Recently I watched my three year old grandson struggle to get his shorts off so he could jump into the swimming pool. My daughter had the wisdom to refrain from immediately stepping in to rescue him and encouraged him to work on getting them off by himself. This win for my daughter’s parenting skills brought to mind a parenting failure of mine decades ago. It occurred during a parent-teacher conference for my first born, when I heard his kindergarten teacher say, “You do too much for your son.” I was shocked. I thought the way to be a good parent was to do things for your child.
I wish I had known then what I know now. Ann Landers said it well, “It is not what you do for your children, but what you have taught them to do for themselves that will make them successful human beings.” Sounds simple, but simple doesn’t mean easy..
So how do you find that delicate balance of nurturing caregiving that leads to independence in children? Ideally you start when they are as young. A recent article in Today’s Parent online magazine lists eight practical tips for teaching kids to be more independent. Psychologist Jeanne Williams offers these tips to time-crunched parents doing too much for their children in the name of efficiency. This is a short term fix. A better method is to target one task at a time children can take responsibility for and give them the freedom to do it without criticism. This is the beginning of developing children who are self-reliant and confident in their own abilities to do things for themselves.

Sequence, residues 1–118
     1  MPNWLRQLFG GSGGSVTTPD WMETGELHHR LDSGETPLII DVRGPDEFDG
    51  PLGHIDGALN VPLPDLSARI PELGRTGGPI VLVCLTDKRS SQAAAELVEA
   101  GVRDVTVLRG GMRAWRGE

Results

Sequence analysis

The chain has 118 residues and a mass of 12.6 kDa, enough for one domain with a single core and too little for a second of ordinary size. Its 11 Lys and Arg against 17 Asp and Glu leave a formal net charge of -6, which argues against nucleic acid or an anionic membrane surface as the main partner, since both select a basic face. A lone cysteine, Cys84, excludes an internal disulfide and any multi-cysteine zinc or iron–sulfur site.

What about older children? An article in Focus on the Family: Learned Helplessness: When Kids Give Up Trying byMichael Anderson addresses the topic of learned helplessness, what The American Psychological Association calls the “landmark theory of the century.” Learned helplessness is a condition where children no longer believe they can positively affect the direction of their lives and they lose hope. One of the primary factors in learned helplessness is over-parenting. The good news is that what has been learned can also be unlearned. Anderson offers practical remedies such as cutting back on the things you do for your child, avoiding nagging and criticism while holding them accountable to reasonable agreed upon expectations. Begin building their confidence and abilities in one area and watch it spread and grow into other areas as well.
I am wiser now as a grandmother than I was as an over-parenting mother. I have more life experience and can see the results of my efforts, which were not all bad. My son recently earned his law degree and is practicing law. His was a long and winding road to find his path and purpose. Perhaps my grandson will benefit from having a grandmother who has taken to heart Ann Landers words, “It is ..what you have taught them to do for themselves that will make them successful human beings.”
Adapted from GIST: The Essence of Raising Life-Ready Kids, a Focus on the Family resource published by Tyndale House Publishers. © 2019 by Michael W. Anderson and Timothy D. Johanson. Used with permission. This article was originally published in Focus on the Family magazine.
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